Town Council Approves Meadowmont Permit
Posted May 11, 1998
CHAPEL HILL — The Triangle is growing faster than ever, maybe too fast. Some people say it's time to put the brakes on construction before its too late.
People in Chapel Hill sent a strong message Monday night, one that could be a sign of things to come for all of us. Even after a heated debate about population and traffic growth, the town council gave the Meadowmont development project the go ahead.
The plan is to turn a wooded area into a neighborhood of convenience. It will a place where residents can walk to school, daycare or to the store. Some people who live by the newly approved development say it's going to create a lot of problems
"Chapel Hill is going to expand a great deal because of this development in terms of population, automobiles, traffic per day and needs of the services in the town," says community opponent, John Anderson.
The idea of a neotraditional neighborhood like Meadowmont is something that a lot of communities are wrestling with. Not only are residents concerned with the way things have turned out, developers are paying attention too.
"I think this an example of the kind of growth the Triangle is beginning to talk about," explains developer, Roger Perry. "It's perhaps a better way to manage growth and control growth in the region. I think this is a good litmus test to see if that's what people want."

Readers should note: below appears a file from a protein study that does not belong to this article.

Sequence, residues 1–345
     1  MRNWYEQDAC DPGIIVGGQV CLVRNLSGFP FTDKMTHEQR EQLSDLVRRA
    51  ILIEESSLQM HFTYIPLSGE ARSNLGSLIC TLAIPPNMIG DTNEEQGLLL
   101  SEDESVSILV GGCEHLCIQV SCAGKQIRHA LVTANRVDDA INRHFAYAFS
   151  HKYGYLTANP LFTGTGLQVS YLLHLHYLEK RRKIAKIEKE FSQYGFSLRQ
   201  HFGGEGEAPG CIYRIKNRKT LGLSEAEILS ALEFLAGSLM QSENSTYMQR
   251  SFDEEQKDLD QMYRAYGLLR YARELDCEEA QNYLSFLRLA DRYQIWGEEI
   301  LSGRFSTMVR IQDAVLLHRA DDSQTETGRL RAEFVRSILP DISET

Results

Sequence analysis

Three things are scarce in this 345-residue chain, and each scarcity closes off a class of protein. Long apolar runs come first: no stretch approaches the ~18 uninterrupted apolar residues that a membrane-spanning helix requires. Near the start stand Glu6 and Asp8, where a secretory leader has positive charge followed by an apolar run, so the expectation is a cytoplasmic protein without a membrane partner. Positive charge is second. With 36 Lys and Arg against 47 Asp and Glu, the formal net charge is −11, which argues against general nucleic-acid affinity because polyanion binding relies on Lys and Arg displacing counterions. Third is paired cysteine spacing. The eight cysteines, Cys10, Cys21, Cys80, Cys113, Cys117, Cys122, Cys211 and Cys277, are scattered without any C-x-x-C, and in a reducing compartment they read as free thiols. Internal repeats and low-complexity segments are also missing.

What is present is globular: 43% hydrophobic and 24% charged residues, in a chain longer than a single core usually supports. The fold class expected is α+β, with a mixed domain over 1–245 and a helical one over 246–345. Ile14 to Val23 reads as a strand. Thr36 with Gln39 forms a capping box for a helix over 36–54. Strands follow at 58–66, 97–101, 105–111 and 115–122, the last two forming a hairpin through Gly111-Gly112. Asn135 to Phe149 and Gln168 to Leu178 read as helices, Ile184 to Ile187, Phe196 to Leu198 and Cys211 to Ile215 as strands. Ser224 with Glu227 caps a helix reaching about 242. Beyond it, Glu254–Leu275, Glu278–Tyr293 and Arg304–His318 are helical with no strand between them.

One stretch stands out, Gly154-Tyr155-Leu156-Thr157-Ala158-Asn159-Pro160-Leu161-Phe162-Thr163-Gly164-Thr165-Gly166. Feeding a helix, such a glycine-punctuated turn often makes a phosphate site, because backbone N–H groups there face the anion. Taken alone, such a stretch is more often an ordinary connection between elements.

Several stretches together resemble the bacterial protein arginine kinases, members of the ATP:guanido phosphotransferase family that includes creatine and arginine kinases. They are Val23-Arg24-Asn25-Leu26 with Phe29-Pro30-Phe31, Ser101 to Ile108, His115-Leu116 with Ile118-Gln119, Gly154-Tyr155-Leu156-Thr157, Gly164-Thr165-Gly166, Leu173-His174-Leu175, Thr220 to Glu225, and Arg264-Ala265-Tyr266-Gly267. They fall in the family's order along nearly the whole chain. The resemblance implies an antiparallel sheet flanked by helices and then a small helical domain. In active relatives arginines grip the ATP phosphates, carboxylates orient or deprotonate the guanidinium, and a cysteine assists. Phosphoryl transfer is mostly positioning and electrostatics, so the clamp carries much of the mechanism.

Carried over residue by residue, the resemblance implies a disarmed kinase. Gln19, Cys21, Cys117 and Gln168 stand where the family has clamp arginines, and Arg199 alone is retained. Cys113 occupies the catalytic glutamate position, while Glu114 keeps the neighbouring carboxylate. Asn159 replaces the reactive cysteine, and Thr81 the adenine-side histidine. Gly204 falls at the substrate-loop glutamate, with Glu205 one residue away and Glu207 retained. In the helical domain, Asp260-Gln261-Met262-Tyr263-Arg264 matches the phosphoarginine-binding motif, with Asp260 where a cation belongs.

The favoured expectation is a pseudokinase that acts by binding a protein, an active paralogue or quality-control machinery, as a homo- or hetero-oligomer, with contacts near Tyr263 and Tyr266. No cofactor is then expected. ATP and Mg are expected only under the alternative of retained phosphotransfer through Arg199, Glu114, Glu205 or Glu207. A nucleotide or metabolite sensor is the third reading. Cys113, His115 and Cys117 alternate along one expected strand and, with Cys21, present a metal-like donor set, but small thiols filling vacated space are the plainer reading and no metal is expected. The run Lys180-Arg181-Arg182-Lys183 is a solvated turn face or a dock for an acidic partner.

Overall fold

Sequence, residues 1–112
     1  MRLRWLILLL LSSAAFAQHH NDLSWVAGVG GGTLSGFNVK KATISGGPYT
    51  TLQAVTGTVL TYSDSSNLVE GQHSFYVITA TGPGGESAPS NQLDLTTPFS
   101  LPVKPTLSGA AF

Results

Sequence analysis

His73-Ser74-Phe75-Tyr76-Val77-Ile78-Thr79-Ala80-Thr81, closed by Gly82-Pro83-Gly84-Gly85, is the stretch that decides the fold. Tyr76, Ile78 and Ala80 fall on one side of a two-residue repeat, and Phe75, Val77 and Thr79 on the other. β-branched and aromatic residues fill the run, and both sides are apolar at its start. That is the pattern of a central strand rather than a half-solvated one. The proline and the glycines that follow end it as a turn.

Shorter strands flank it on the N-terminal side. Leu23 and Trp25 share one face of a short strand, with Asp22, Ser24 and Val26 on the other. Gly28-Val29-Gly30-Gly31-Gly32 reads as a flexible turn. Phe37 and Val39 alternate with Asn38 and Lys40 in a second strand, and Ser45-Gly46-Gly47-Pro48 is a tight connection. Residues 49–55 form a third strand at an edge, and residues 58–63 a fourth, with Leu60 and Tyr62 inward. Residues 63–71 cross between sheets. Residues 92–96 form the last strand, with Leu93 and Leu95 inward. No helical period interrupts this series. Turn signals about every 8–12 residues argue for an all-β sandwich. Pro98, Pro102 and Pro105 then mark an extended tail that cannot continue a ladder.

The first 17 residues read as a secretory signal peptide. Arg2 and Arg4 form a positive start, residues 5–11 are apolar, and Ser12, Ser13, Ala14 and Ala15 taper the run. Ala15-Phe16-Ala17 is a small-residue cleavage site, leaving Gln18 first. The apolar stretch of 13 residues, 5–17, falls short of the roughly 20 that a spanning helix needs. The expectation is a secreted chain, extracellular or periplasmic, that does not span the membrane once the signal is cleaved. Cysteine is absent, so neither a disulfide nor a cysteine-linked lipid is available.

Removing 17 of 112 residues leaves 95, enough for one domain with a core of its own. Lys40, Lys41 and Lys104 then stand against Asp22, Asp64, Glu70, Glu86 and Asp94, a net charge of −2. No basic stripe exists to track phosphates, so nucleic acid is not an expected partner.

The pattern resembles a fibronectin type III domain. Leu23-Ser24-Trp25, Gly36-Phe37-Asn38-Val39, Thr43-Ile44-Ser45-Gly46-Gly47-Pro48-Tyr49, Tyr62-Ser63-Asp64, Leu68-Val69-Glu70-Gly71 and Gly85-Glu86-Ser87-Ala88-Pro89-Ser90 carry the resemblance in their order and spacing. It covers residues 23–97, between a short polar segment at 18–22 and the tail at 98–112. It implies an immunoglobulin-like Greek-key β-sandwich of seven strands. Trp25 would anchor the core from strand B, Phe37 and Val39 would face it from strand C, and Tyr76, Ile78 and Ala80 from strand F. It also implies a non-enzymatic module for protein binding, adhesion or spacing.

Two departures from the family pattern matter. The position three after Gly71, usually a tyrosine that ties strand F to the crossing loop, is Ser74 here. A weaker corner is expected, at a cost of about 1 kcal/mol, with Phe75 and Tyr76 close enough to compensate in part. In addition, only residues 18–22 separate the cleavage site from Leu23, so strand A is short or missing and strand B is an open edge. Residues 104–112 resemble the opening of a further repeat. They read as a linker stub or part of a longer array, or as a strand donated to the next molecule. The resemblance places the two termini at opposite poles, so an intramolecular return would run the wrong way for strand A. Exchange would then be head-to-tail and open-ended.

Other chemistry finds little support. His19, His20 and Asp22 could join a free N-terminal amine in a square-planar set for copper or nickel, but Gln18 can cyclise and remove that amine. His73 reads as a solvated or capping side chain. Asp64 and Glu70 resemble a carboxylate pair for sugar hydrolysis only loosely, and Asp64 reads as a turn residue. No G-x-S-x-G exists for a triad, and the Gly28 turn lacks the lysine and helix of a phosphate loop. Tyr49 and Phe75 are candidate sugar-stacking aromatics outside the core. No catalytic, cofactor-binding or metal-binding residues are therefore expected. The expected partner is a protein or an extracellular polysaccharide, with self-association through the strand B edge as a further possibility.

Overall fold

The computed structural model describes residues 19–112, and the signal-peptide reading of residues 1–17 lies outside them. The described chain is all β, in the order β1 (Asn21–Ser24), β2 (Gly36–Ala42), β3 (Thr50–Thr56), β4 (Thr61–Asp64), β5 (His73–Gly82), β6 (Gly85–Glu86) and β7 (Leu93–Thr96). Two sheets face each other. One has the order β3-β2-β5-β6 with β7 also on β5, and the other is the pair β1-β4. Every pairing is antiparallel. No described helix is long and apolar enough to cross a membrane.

Norma Burns, member of the Urban Design Center, says "it's not a matter of whether growth is going to occur in the area, but how."
Burns says neotraditional neighborhoods are simply ways to address the issue of growth. She also says the outcome of the Chapel Hill vote could affect other potential developments.
"Chapel Hill has traditionally been conservative about development," says Burns. "So, if development is to take place in that community, that represents a change."
At the end of the Monday night meeting, the developer closed by saying, "Vote no. Vote yes. Just vote." Indeed the council did. Their permit approval, narrowly passing by a 5-4 margin, is expected to provoke legal action by residents. It may be a long road for Meadowmont still.
If and when development begins, Meadowmont is expected to become on of the largest neotraditional communities with more than 1,300 units including apartments, condominiums, houses and single-family homes. Prices range from $90,000 to $1 million dollars.